Gillett emerged from bankruptcy protection in the early 1990s to amass a meat packing and ski resort fortune and then started buying sports assets, including Liverpool, the Montreal Canadians and a NASCAR team.

Liverpool is not the only sports team Gillett controls with high levels of debt. SportsBusiness Journal reported in May 2006 that the Montreal Canadiens and the Molson Centre, which he also owns, borrowed $240 million.

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People like this should just be lobotomized and put out to pasture. Doesn't have a f*ing dime to his name yet 'owns' 100's of millions of dollars worth of paper. And we wonder why we have a financial crisis!

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quote:Originally posted by Ed

People like this should just be lobotomized and put out to pasture. Doesn't have a f*ing dime to his name yet 'owns' 100's of millions of dollars worth of paper. And we wonder why we have a financial crisis!

Exactly. His (and many, many others) house of cards is falling down.

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quote:Originally posted by Desigol

This is why Fans in England are turning away from the Premiership. Ridiculous spending from owners with no interest in the Club other than financial.

Arsenal are bucking the trend so far, but may give in to Sam Korenke.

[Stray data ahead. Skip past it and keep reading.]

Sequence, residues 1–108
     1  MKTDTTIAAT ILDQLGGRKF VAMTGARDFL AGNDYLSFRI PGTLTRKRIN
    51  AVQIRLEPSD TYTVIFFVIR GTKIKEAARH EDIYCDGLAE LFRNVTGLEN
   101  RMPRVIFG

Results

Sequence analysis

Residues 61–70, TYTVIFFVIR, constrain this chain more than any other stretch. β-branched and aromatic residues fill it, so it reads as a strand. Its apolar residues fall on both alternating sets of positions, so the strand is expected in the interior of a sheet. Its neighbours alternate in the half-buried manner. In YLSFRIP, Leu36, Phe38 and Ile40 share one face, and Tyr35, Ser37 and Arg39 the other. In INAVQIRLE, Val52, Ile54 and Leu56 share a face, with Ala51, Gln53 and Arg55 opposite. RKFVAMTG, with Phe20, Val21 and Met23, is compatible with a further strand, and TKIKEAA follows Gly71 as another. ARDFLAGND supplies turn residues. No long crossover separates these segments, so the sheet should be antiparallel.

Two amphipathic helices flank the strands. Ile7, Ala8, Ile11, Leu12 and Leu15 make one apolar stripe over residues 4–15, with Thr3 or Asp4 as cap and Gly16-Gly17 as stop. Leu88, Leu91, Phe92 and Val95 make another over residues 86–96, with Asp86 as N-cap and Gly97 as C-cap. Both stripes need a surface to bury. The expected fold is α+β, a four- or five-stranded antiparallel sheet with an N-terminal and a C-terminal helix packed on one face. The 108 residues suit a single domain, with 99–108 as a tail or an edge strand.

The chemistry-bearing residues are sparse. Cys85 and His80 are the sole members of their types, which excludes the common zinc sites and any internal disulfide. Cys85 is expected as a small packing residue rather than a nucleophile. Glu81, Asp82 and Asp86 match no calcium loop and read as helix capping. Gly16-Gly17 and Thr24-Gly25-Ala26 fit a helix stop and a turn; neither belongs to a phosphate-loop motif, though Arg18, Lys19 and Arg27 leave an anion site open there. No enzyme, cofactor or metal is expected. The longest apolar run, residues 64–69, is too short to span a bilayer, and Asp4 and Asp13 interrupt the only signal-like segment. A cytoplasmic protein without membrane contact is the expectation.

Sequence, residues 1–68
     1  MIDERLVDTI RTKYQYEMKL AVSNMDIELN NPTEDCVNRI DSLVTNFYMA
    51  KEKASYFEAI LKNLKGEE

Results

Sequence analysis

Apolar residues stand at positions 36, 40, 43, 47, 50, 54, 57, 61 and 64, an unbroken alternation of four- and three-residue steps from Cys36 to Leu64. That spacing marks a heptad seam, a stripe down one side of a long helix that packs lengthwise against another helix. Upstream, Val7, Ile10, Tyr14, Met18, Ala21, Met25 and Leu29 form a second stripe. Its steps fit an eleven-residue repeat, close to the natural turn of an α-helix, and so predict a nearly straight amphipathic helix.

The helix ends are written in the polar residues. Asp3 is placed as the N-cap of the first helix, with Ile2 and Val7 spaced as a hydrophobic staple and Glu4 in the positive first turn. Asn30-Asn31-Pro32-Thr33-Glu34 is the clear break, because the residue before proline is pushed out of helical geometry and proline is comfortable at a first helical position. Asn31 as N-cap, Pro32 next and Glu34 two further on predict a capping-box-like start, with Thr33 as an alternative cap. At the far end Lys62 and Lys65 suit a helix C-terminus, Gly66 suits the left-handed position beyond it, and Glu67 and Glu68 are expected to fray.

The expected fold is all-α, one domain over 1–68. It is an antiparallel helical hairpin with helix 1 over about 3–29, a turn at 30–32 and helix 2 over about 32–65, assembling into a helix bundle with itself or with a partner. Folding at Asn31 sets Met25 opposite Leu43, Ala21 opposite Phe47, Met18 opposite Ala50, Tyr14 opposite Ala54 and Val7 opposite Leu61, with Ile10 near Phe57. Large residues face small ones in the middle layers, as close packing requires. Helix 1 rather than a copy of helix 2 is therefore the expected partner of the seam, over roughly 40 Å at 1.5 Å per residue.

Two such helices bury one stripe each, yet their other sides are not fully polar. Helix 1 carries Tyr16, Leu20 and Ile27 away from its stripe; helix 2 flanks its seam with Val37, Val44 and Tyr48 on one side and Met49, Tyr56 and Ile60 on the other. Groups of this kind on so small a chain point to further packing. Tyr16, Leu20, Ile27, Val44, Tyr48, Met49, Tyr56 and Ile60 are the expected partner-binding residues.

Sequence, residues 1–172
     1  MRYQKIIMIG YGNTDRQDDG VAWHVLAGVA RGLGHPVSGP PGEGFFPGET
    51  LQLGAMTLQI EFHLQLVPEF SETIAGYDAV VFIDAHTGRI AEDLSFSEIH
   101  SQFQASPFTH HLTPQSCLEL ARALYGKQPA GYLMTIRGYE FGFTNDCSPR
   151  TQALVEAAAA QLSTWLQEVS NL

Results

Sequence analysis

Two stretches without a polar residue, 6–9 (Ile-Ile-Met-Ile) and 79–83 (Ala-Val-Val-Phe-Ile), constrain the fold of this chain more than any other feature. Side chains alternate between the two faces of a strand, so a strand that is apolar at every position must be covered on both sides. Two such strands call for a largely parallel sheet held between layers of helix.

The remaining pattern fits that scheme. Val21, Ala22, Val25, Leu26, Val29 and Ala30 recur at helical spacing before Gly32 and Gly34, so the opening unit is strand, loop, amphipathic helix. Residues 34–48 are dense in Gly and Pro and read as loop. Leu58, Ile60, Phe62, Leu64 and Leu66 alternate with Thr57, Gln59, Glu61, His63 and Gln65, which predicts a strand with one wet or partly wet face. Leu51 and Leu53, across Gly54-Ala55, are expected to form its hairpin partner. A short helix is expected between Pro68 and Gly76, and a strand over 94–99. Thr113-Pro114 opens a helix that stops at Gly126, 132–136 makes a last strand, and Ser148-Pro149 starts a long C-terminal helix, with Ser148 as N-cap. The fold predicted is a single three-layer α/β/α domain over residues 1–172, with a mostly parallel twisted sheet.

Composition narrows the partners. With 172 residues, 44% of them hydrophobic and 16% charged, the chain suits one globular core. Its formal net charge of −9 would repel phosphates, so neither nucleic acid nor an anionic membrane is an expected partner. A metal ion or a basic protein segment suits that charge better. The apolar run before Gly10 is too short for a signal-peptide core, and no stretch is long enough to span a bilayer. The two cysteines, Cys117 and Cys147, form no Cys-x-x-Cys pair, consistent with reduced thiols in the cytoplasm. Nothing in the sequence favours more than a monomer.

LOL. Arsenal are just like any other big club. They are just as money hungry as ManU or Chelsea.

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quote:Originally posted by Tuscan

Maybe Gillett and Saputo DIDN'T have the $$ to put forth towards the $40 mill then? All our questioning of tactics might all end up looking past the simple truth that those two just don't have the money to pony up due to personal debts.

Gillett was never in the ranks of Saputo, Kerfoot or Melnyk in terms of wealth. He may be worth a lot on paper but as we see most of that is financed by debt. I think he was mostly brought into the Montreal MLS bid for his expertise in running a professional sports business. He has done a good job in running the Habs and Bell Centre despite all of his questionable capitalization strategies which may now come back to haunt him.

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quote:Originally posted by Massive Attack

LOL. Arsenal are just like any other big club. They are just as money hungry as ManU or Chelsea.

I would say Arsenal is worst than the other top four. They are too cheap to buy the players needed to win. Then if players make too much they sell them on instead of paying them more.

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Arsenal makes the most money (37 million pound profit last year) and charges the highest ticket prices yet are cheapskates that buy nobody, sell everybody and have won nothing in the last few years. Did I mention they took on a ton of debt to build the Emirates? The Brits are always whining that "foreign owners just want to make money." Glazer, Gillett and Abramovich aren't making a dime. The only club that's ripping off the fans is the one gets a free ride. If it was a single "yank" in charge making all this money without delivering results they'd have burnt him at the stake already. But as long as its a consortium with some Brits at the table then I guess it's ok...